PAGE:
A Magazine for the George Mason University Community

A Look into the Personal Lives of the Black Rhinos in South Africa

February 7, 2012


By Dave Andrews

Besides some obvious differences, such as a couple of horns and few thousand pounds, a rhino isn’t all that different from a human. At least, that is according to research conducted by Mason conservation scientist Elizabeth Freeman.

Elizabeth Freeman and Rachel Santymire analyze samples. Photo courtesy of Elizabeth Freeman.

Freeman, an assistant professor in Mason’s New Century College, has been traveling to South Africa annually for the past three years to take a closer look at the lives of black rhinos. One aspect of her findings in particular may sound all too familiar to many of us humans—high stress levels tend to affect mating habits.

The focus of Freeman’s research is on the hormones and reproductive health of black rhinos. The worldwide population of the species has been rapidly diminishing in the past decades and especially in recent years. Freeman is doing all she can to help reverse that trend.

Freeman has been working alongside Rachel Santymire, director of the Davee Center for Epidemiology and Endocrinology at the Lincoln Park Zoo in Chicago. The two met at Mason while studying for a PhD in environmental science and public policy. Both women earned their doctoral degrees in 2005.

Lima and Ubuphi, two of the rhinos in the study. Photo courtesy of Elizabeth Freeman.

Freeman, Santymire, and their team of researchers are gathering data from the rhino population at the Addo Elephant National Park on the eastern Cape of South Africa. Addo was established in the 1930s in an effort to protect the elephant population, but more recently it has been introducing additional species into the park.

Initially, Freeman’s research focused on the elephant population within the park to determine whether female elephants experience menopause, just as humans do, by examining the elephants’ hormone levels. Soon after her arrival, park managers asked Freeman to begin measuring the rhinos’ hormone levels, as well.

Addo provides an ideal setting for data collection because the park is fenced into different sections, which expose the animals to different variables. Freeman is researching two sections of the park. One allows frequent visits from tourists, features several human-made water holes, and has predators such as lions and hyenas. The other section allows fewer tourists, relies more heavily on natural water resources, and has no large predators. Together, the two sections contain about 45 black rhinos.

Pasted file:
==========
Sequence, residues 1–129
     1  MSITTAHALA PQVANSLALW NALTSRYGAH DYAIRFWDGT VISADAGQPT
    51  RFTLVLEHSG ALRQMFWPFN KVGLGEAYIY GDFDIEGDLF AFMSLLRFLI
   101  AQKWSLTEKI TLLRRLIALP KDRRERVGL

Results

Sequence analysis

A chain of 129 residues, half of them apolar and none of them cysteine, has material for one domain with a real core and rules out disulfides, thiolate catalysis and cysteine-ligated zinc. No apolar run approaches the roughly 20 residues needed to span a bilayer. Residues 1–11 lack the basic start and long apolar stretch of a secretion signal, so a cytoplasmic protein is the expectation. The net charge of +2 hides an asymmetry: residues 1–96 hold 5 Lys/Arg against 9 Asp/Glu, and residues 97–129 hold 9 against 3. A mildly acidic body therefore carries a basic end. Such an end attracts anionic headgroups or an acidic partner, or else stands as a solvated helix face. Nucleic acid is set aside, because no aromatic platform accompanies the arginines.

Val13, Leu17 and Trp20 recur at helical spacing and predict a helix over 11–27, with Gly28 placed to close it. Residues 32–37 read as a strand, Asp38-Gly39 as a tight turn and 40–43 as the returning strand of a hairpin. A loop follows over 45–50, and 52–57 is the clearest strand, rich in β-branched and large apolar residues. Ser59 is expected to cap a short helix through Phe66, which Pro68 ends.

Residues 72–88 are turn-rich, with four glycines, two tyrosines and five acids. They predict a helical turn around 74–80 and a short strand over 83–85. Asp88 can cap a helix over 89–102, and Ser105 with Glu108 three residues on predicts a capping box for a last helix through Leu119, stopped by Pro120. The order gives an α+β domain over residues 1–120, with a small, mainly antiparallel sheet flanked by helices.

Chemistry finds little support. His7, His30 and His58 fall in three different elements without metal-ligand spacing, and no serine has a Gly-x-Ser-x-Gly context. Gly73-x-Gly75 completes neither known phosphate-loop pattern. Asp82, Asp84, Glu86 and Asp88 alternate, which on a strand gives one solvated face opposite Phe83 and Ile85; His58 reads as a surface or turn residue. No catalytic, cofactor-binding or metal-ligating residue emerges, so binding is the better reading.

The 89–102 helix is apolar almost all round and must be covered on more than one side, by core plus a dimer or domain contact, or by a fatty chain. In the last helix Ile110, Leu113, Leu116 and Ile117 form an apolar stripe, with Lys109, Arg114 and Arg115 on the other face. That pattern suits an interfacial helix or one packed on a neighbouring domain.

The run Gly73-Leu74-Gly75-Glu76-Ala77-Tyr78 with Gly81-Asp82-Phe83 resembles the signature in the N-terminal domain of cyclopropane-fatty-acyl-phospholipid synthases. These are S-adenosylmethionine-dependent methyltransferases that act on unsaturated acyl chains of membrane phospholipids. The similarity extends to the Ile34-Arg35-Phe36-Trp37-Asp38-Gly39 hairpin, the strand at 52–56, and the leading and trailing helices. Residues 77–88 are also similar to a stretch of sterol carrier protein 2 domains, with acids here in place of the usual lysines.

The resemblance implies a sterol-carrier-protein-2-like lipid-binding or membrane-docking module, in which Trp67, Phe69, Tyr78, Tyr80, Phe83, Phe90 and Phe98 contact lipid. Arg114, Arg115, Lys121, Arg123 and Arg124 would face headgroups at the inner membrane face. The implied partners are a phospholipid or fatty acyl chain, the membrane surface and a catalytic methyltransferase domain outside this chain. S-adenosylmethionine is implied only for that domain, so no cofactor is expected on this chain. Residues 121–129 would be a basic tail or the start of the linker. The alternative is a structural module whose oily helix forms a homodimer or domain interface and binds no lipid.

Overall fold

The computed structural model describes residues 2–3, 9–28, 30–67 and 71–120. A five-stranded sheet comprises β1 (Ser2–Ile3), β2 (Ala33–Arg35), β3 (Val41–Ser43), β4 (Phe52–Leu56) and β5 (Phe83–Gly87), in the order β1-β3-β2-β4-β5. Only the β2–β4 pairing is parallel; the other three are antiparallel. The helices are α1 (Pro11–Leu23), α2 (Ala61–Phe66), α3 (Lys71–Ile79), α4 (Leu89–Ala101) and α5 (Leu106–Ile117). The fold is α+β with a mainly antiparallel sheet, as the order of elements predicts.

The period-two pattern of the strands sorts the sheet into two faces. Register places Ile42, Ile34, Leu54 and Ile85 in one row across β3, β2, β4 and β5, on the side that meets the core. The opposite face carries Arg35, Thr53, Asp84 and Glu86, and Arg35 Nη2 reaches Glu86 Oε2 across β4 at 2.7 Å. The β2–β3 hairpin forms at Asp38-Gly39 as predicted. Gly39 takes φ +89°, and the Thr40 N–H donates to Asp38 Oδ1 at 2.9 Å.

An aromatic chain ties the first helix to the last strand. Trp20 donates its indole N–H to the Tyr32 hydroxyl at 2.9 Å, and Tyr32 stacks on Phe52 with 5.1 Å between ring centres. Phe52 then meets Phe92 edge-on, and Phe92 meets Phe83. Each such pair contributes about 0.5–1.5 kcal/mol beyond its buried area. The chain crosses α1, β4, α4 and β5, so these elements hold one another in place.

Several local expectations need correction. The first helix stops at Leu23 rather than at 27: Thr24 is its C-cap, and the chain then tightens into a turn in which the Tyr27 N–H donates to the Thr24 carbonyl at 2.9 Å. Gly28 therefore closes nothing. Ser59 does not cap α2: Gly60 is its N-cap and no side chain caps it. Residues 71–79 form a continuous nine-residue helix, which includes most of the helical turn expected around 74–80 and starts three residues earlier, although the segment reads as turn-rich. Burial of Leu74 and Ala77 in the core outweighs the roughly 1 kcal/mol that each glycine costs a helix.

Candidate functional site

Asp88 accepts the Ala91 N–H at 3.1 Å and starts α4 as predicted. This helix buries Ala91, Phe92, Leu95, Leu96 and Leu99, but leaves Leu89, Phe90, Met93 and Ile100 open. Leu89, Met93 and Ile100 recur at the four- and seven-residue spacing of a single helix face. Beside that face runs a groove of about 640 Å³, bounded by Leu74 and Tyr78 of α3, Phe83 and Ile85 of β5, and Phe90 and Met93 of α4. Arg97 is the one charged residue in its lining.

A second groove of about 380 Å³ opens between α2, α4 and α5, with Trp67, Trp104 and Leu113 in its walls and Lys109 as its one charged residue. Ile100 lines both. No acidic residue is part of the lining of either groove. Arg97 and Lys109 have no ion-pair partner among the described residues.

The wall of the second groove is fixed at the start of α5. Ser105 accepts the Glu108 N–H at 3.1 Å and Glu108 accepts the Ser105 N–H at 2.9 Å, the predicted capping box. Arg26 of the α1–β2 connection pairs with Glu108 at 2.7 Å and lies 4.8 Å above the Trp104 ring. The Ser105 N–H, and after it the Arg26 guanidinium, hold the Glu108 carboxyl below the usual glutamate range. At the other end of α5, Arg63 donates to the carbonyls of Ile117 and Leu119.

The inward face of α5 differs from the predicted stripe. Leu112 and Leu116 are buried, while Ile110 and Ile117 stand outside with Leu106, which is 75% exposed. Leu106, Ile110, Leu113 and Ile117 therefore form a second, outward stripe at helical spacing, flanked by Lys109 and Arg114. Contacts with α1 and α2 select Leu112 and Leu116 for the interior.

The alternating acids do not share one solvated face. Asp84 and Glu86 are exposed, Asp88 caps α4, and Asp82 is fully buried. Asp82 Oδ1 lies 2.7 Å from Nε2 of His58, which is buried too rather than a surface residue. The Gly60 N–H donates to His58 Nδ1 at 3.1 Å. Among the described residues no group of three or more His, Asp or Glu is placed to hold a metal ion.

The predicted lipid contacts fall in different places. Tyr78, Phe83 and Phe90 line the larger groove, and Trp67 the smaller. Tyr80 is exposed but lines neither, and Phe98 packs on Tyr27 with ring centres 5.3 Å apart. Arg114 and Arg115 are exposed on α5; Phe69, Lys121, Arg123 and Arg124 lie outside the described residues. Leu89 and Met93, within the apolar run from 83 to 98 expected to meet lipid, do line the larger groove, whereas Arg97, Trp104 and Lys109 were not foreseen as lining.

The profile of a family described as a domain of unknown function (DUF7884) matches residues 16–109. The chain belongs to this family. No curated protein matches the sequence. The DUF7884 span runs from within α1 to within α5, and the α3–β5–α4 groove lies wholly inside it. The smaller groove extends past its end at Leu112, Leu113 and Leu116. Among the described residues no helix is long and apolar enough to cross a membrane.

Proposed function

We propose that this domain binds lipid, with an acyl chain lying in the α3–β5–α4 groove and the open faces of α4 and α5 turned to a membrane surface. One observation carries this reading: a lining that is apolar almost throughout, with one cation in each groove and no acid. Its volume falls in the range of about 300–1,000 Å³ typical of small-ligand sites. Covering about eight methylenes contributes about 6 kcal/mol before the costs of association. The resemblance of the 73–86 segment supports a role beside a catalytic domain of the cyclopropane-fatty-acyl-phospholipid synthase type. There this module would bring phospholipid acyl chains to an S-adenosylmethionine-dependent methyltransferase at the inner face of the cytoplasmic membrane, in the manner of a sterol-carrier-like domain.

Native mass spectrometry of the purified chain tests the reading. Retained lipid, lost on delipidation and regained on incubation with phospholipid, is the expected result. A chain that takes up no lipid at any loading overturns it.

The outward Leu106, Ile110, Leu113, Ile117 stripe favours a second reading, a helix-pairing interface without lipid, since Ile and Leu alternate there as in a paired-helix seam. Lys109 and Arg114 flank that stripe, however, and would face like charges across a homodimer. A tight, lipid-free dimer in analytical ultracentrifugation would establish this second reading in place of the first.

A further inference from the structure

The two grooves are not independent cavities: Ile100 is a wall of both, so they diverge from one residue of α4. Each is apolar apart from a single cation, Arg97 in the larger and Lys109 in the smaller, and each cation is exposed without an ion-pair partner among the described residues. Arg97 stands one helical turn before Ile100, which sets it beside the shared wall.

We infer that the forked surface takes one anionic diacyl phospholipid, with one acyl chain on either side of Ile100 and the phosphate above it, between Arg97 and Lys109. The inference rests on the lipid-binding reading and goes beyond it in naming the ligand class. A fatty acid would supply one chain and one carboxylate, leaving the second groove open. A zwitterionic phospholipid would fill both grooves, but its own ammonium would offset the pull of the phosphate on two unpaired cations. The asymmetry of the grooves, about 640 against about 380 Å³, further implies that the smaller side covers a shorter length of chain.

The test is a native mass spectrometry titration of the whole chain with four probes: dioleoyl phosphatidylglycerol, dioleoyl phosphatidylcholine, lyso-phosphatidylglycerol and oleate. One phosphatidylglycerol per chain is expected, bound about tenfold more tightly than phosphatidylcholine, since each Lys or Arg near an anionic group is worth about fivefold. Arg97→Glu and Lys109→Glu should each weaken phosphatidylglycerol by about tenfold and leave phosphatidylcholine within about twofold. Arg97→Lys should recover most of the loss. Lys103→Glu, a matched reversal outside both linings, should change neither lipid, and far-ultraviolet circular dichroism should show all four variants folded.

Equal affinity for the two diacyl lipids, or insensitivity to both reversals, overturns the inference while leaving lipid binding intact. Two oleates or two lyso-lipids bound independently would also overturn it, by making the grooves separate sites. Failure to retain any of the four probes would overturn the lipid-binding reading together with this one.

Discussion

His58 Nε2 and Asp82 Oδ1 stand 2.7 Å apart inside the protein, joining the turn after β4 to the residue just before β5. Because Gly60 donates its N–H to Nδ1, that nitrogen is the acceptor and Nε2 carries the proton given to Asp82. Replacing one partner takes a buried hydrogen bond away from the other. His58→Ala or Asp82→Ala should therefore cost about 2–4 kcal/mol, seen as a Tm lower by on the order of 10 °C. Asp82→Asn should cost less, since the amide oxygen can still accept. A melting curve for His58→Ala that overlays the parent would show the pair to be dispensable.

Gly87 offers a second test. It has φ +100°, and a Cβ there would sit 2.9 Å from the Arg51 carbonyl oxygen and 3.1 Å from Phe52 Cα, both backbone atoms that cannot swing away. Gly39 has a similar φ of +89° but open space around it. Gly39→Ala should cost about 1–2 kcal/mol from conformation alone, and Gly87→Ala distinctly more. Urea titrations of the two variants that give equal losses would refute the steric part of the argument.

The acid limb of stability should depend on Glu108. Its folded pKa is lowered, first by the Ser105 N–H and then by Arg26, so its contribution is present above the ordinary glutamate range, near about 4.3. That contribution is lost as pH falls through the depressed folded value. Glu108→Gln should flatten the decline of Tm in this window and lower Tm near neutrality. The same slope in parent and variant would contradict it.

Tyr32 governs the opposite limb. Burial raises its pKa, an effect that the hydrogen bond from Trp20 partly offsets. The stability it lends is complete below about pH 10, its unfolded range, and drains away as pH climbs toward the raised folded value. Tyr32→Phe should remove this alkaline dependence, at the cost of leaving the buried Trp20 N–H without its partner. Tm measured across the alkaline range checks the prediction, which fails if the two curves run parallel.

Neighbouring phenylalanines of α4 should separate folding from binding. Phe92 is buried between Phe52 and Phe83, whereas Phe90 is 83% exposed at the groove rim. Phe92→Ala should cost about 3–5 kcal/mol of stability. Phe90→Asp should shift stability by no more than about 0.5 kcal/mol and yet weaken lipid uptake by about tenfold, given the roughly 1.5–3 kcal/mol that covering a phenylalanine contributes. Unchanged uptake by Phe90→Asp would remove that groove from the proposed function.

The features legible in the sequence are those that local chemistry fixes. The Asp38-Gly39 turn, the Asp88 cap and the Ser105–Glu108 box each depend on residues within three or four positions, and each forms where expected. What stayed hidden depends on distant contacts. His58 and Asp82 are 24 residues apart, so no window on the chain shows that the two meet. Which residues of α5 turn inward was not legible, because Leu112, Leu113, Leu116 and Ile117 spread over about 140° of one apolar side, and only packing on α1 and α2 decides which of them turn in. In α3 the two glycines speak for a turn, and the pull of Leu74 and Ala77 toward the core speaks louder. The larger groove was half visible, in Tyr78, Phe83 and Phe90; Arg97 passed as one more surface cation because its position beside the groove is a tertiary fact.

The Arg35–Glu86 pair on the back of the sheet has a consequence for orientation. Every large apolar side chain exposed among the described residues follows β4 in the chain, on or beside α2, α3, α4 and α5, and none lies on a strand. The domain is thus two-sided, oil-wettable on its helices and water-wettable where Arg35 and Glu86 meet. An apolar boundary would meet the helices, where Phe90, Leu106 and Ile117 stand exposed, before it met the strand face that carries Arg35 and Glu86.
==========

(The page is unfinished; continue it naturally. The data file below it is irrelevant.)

Rachel Santymire collects samples. Photo courtesy of Elizabeth Freeman.

The preliminary research shows that rhinos living in the more demanding, stressful environment in which they must tolerate potential human disturbances and evade frequent attacks have a higher level of stress hormones and are therefore less likely to reproduce.

Much of the hard data are obtained by examining the rhino feces, but matching each rhino to its excrement is a challenge because of the rhinos’ elusive nature toward humans. To overcome that obstacle, Freeman placed infrared cameras throughout the park that begin recording once they sense movement. The cameras are noninvasive and help the researchers match each rhino to its feces and identify their behavioral patterns. In addition, the hidden cameras enabled the researchers to observe the rhinos’ sleeping habits, something no team has studied before.

Freeman says that this is one of the most comprehensive studies on the black rhinos ever conducted. Freeman and Santymire will present a portion of their findings later this fall at the International Elephant and Rhino Conservation and Research Symposium in Rotterdam, The Netherlands.

Elephants approach the research vehicle at Addo Elephant National Park in South Africa. Photo courtesy of Elizabeth Freeman.

Ultimately, Freeman’s goal is to help create a resurgence in the world’s rhino population. In the early 1990s, habitat destruction and widespread poaching nearly drove the species into extinction. Slowly, the numbers of rhinos are rising but not at the rate Freeman and her colleagues would like to see.

“It’s scary how dramatically poaching rates have risen in South Africa,” says Freeman. She explains that in 2010, about 350 rhinos were poached and considering that the worldwide population of rhinos is about 4,240, 350 represents a significant loss.

As the black rhino research project moves into its fourth year, Freeman has also partnered with Cody Edwards, director of the Science and Math Accelerator in the College of Science. Edwards’s background in molecular phylogenetics and conservation genetics will help the researchers validate their field methods and determine the genetic health of these isolated populations of black rhinos.

The park’s wildlife managers will use the study’s findings to improve the rhinos’ breeding rate and determine the most effective way to conserve and relocate the animals in the future. The researchers acknowledge that the black rhino will forever be a slowly repopulating species, but by having a better understanding of the biological and environmental factors that affect their mating habits and stress levels, they hope the animals will soon reach their full reproductive potential.

Most of the rhino research thus far has been funded by Mason and the Lincoln Park Zoo. Both Freeman and Santymire are optimistic that through their efforts, more grants will be awarded and the research program can be expanded to other regions of Africa.


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